Minnesota Prairie Roots

Writing and photography by Audrey Kletscher Helbling

How a woman of leisure moves toward healing July 28, 2017

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The exercise my therapist terms “Woman of Leisure.” Pretend that’s a woman in the drawing.

 

HOW CAN I BE a woman of leisure when he expects me to wash windows and throw dirt over my head? It’s tough. But I’m up to the challenges issued by my physical therapist.

John has tagged several of my exercises to help me remember them and probably also to make me laugh. Humor helps when you’re stretching and strengthening muscles after a right shoulder break. It takes the edge off the pain.

This recovery takes time, effort and grit. I certainly don’t feel like a woman of leisure as I recline, hands behind head with elbows bent stretching muscles. That right elbow won’t flex down like my left. And I feel pain.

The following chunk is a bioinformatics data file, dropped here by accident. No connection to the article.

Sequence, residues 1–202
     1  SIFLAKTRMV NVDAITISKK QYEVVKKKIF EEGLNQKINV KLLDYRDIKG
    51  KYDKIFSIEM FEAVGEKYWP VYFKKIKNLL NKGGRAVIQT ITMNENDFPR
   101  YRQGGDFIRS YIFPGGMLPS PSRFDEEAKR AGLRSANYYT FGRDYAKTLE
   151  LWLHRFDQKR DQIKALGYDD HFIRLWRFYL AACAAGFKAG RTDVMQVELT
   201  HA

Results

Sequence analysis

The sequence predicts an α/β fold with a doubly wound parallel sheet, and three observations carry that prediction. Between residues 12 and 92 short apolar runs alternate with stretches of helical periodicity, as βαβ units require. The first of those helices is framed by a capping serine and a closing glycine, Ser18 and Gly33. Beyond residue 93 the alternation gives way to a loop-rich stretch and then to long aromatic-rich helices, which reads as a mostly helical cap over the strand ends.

But I’m getting there. After days of washing windows—placing my hands on a hand towel and sliding them up a wall—and other exercises, John noted that I was “significantly better” than at our previous visit. Three sessions into physical therapy, that encouraged me.

 

Daily I am stretching and strengthening my right arm and shoulder muscles. Martin Eichinger of Portland, Oregon, created this graceful “Bird in the Hand” bronze sculpture valued at $14,500 and posed near the Mankato Civic Center. Minnesota Prairie Roots file photo 2014.

 

So I’ll stick to my regiment of arm lifting and stretching. Not too little. Not too much. Just as John ordered.

I’m consciously also choosing to use my right appendage, even though my mind and body rebel. After nine weeks of guarding my injured right arm and shoulder, I am retraining my once dominant side. I instinctively do everything with my left hand/arm to avoid pain. I know now that if I am to fully recover, I have to push through the muscle soreness and use my right hand/arm/shoulder. So I am brushing my teeth, combing my hair, opening cupboard doors, washing countertops, closing curtains and more all with my right hand.

This week I caught myself pulling on a t-shirt just as I did pre-May 22 injury with head in neck hole first followed by arms in sleeves. To realize I had just done that boosted my confidence. I am healing.